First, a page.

It’s going to be everything. There will probably be fronts on the war, and it may be that different things are hot at different times. But the problem that we have now is that we’re stuck. Our technology hasn’t evolved at all since the Ajax set got put in place in 1999, and the way we understand web applications today is radically different. So we’re now trying to go forward with the wrong technology, and it’s inadequate. We’ve tried to go forward using the standards process at W3C and ECMA; that process is not effective, so we need to find another way.

I’m not really proposing a browser war – it’s going to happen by itself. I wish I had the power to say, “This is what we must do.” The best I can do is recognize, “This is what’s going to happen, and we should figure out a way to take best advantage of it.”

Yahoo is a relatively recent addition to the ECMAScript standards body; you’ve spoken about how you’re hoping to lead a more conservative approach to that standardization, where the standards body follows behind the implementation, and documents what’s really good, what’s proven. With that happening, how is JavaScript going to get better? Where are those conversations on the leading edge going to happen?

They may still happen at ECMA. I’m starting a process at ECMA to look at creating a safe dialect of JavaScript, or a capability dialect of JavaScript. That’ll be happening at ECMA, involving ECMA members. I’m hoping I can open it up to some non-ECMA members as well. Our initial motivation will not be to write a standard, but to come up with a language that we can test. We’ll try to get the language tested, see if we can get it deployed, see if it actually does what it needs to, and then we’ll try to make a standard.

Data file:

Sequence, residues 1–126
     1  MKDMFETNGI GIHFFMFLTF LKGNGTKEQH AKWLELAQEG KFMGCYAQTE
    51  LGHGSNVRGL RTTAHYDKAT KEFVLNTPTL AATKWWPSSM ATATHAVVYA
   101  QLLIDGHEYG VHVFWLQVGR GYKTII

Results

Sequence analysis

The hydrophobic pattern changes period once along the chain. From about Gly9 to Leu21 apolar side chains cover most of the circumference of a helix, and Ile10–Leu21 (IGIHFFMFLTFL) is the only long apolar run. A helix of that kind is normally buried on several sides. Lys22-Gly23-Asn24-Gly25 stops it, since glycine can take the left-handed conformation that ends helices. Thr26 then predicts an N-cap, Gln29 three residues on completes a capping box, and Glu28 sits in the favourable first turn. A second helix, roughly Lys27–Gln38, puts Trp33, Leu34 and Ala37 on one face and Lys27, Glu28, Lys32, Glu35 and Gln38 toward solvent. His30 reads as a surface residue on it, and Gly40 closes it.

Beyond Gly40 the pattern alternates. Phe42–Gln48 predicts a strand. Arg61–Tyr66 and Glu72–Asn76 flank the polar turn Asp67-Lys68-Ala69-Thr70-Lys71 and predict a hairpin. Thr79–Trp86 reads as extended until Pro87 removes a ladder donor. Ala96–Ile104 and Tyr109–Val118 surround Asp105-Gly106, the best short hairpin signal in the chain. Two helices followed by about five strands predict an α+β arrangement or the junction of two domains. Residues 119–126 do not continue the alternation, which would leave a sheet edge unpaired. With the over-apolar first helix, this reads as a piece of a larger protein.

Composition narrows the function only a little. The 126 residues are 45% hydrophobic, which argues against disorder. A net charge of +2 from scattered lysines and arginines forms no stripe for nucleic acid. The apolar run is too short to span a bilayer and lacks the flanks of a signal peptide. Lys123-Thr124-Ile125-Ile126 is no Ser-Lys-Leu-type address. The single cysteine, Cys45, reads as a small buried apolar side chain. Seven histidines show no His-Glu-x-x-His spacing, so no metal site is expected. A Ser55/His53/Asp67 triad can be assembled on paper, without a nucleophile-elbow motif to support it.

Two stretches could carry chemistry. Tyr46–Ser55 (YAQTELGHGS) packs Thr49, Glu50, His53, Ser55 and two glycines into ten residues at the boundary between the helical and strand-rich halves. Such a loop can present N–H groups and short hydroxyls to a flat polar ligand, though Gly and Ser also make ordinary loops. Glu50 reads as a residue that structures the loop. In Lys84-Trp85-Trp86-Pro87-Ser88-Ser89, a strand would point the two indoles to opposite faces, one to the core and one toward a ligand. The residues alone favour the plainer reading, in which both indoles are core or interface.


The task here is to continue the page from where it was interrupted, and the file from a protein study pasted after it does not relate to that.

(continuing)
I think that’s the proper sequence for everything, but in the last few years web standards – at least for the last ten years – web standards have lost focus. They’ve been more about invention than about codification, and I think that is unhealthy. At best it’s been unproductive, and at worst we’ve seen bad standards come out of that.

For example, CSS2 was un-implementable, and eventually it had to be revised as CSS2.1 – an attempt to cut CSS2 down to what people were able to figure out how to implement. That sequence was totally backwards – or it started backwards, but eventually they got it right. Let’s look at what can actually work and make a standard out of that, and then let everybody catch up with each other. I think that’s a proper role for standards.

What I see happening now with HTML5 is appalling. There is some stuff there that I really like: I really like that they figured out what the rules of HTML parsing are. Brilliant. That’s long overdue. And you can look at any individual feature that they’re doing and say, “Yeah, that makes sense.” But there’s just too much, and there’s not a good set of trade-offs, there’s not a complexity budget. It’s not motivated by real need, but by what’s shiny in front of a committee.